Spidertracks S5: Real-Time SOS

Who needs an ELT when you can have real-time satellite flight tracking, two-way messaging and enhanced surveillance through Lockheed Martin?

It can be said that 406 MHz ELT technology evolved too late to be the huge seller that industry leaders predicted. While 406 ELT systems were stuck in a lengthy certification process, satellite tracking systems emerged from the transportation industry and into aviation applications.


New Zealand-based Spidertracks was an early player with the Spider S3 (there’s also the competing Spot line of products that we’ll look at in another article). The new $1795 Spider S5 sends and receives SMS messages through a smartphone. It also interfaces with Lockheed Martin’s surveillance-enhanced search and rescue (SE-SAR) system.

ELT Killer
If you haven’t been following satellite tracking technology, trackers make ELT technology seem archaic. Trackers are arguably a better way to follow aircraft because they lay down a real-time path of digital bread crumbs that can be monitored on the Internet by anyone who cares about your whereabouts.

The Spidertracks works with Iridium—a 66-satellite communications network—and uses an integral GPS receiver for communicating position.

Operation is seamless. Plop it on the glare shield, plug it in to power (10 to 32 volts) and wait for it to establish a satellite lock-on. Once it’s up and running, the system reports a position every two minutes with speed, track, altitude, time and lat/long data. The Iridium satellites transmit the location back to the Iridium servers on the ground. From there, the Spidertracks computer servers send the data to the Spidertracks website for online tracking. Spidertracks says the system can’t effectively work with a cell phone network because there would be sizable holes in coverage.

The Spider S5 has minimal and simple controls (there isn’t even a on/off switch). The low-profile unit weighs under a half-pound and measures roughly 4 inches by 3 inches. We like the self-contained design, which doesn’t require external antennas. This means less clutter.

The “SOS” button on the keypad can be used in an emergency to send instant alert messages to your pre-set emergency contacts. The “watch” key enables tracking by sending position reports to the website. If the Spider loses power, the website will automatically send an SOS message after 12 minutes of no communication. You’ll need to be vigilant in minding power losses because the Spidertracks’ servers will treat a loss of power as a crash.

The “mark” button can be used to send position reports manually or for setting automatic takeoff and landing notifications. The custom messages are configured on the Spidertracks website and are triggered with the “mark” button. For instance, three button pushes could indicate that you’ve landed, two pushes might indicate you are established enroute and so on.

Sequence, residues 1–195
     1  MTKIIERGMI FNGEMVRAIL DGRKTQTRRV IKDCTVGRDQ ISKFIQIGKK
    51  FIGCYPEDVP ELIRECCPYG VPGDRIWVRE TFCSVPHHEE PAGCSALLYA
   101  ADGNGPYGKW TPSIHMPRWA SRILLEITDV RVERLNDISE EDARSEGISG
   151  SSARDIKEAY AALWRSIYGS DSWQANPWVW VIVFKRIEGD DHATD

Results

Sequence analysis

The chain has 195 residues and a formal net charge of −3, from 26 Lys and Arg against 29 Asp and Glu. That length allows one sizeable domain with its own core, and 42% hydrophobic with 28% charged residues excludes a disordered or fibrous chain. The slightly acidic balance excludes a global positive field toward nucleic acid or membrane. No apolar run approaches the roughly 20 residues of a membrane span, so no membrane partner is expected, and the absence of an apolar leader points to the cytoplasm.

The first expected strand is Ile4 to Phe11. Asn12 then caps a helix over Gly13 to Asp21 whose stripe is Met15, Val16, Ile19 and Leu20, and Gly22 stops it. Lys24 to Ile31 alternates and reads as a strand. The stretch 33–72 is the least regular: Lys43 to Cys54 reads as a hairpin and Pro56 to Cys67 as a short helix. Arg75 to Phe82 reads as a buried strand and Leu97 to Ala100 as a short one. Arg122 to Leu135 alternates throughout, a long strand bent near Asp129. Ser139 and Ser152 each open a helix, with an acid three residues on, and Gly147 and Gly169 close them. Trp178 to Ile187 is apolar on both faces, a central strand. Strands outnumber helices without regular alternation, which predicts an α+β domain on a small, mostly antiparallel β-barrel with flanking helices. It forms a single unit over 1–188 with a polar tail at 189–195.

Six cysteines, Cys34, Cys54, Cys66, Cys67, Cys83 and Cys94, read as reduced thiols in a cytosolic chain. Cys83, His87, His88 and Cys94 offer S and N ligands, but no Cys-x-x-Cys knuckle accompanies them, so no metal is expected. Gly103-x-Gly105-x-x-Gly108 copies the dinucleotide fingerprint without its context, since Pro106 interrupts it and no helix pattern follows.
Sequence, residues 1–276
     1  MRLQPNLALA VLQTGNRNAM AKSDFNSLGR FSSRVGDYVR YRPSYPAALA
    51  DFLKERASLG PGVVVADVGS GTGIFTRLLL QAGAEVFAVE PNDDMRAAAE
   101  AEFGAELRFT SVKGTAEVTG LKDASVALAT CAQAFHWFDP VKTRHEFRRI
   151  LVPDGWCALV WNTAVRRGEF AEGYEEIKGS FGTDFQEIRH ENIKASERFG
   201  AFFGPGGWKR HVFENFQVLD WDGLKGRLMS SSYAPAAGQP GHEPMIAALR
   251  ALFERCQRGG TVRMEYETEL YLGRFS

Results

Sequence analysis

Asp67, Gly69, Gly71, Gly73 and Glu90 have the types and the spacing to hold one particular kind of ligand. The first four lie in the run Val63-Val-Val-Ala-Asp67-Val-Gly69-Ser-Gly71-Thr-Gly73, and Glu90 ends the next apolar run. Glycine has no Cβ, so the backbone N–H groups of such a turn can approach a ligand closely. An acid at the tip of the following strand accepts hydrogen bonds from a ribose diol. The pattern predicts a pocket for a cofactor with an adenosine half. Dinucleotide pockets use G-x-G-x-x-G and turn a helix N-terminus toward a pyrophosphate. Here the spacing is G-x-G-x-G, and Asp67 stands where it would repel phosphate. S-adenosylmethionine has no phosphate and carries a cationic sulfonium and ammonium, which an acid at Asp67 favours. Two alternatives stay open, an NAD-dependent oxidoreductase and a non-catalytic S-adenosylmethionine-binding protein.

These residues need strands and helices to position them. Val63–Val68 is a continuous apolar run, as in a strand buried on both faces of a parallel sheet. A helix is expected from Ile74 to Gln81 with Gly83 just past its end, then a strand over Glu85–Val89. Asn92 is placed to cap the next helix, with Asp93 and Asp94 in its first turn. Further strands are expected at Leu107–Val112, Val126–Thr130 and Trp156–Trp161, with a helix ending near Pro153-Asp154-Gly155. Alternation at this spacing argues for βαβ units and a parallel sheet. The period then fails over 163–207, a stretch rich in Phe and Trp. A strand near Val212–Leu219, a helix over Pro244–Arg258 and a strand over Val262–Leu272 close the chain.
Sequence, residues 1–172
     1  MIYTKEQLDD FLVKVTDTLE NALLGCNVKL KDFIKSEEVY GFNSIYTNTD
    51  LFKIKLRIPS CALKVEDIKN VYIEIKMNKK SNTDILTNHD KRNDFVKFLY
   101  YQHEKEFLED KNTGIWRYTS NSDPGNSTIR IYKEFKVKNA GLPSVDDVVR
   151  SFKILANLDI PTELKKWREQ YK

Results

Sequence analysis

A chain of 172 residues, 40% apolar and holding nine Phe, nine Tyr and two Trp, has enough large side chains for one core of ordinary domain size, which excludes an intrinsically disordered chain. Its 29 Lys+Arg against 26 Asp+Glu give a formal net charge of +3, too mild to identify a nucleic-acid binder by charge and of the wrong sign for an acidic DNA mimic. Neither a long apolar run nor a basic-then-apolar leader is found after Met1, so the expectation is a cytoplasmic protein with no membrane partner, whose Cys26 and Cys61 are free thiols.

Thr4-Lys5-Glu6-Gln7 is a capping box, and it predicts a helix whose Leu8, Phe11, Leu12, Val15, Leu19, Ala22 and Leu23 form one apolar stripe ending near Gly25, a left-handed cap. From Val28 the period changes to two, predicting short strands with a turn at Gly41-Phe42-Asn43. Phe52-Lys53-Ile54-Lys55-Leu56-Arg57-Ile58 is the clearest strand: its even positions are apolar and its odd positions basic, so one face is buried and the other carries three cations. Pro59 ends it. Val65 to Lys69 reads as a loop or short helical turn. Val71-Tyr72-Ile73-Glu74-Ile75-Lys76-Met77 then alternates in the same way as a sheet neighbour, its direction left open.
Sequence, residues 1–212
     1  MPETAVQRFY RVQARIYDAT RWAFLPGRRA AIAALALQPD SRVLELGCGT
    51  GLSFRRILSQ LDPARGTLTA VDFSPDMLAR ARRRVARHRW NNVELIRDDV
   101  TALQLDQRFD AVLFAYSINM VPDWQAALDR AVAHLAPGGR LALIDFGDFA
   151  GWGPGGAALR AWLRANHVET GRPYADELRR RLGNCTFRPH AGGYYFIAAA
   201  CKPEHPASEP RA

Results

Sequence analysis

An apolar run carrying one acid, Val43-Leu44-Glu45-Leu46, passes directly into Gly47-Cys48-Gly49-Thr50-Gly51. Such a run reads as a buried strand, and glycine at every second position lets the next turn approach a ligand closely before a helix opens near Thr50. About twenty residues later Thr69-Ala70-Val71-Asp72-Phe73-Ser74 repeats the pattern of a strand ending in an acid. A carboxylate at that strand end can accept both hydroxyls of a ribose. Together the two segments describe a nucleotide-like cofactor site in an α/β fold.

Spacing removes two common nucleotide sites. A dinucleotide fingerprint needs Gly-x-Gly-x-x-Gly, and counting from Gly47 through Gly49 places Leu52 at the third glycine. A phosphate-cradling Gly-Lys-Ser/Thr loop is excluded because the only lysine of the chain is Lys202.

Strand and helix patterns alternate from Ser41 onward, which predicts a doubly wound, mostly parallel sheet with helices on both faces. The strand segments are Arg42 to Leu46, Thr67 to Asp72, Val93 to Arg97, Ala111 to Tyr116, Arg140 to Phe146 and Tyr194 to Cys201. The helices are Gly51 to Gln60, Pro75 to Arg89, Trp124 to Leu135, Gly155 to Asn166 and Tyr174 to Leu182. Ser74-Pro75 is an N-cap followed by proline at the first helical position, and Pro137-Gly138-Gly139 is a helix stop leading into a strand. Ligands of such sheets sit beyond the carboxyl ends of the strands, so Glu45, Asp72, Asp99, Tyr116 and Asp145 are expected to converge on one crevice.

Speaking of messages, the Spidertxt feature allows you to connect your smartphone wirelessly to the Spider S5 via a Bluetooth connection. Once connected, you can send and receive SMS messages to and from any mobile phone on the ground or from the website. You can also send messages to email. The service is far from free. Each SMS message sent from the Spider to a cellphone is $1.00 and each SMS or email sent to the Spider is $0.50, plus a $250 activation fee. As you can see in the pricing chart, there are various plan options to choose from, based on the amount of flying you do.

Lockheed AFASS
Last fall, Lockheed Martin Flight Services launched a new website as part of an effort to offer more useful services to pilots. According to Jim Derr, who heads the Lockheed Flight services department, Lockheed is taking advantage of smartphone and tablet technology.

“Some pilots may not even be aware of the benefits they’re receiving from Lockheed’s systems,” said Derr. This includes a search and rescue feature with the Spidertracks device.

Lockheed added the surveillance-enhanced search and rescue (SE-SAR) feature with Spidertracks in hopes of improving search response time for downed aircraft. It’s simple. You register with the AFSS system and enable the tracking as you would for family members and colleagues. If the Spidertracks stops transmitting, stops moving or is manually activated to send a real-time SOS, AFSS is instantly alerted and initiates the search and rescue process.

According to Derr, a Spidertrack-triggered response can be initiated within minutes, rather than the hours it might otherwise take.

Lockheed Martin said they went with the Spidertracks platform because the Iridium-based system was a lower cost option to implement the first of many planned additional services. They also plan to utilize ADS-B in the near future.

The Future
Anticipated to begin launching in 2015, Iridium NEXT will recreate the existing Iridium constellation architecture of 66 cross-linked low-earth orbiting satellites, covering 100 percent of the globe. According to Iridium, NEXT will enhance the Iridium mobile communications services—which includes Spidertracks.

In our view, higher data speeds, reliability and enhanced tracking could be compelling enough to retire old-school ELT technology for good. Moreover, with Lockheed Martin on board, we think satellite tracking technology has legs. Whether or not consumers will pay the fees—and the FAA recognizes the system as a replacement for ELT technology—remains to be seen. Contact: www.spidertracks.com, 800-491-2895.

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Editor in Chief Larry Anglisano has been a staple at Aviation Consumer since 1995. An active land, sea and glider pilot, Larry has over 30 years’ experience as an avionics repairman and flight test pilot. He’s the editorial director overseeing sister publications Aviation Safety magazine, IFR magazine and is a regular contributor to KITPLANES magazine with his Avionics Bootcamp column.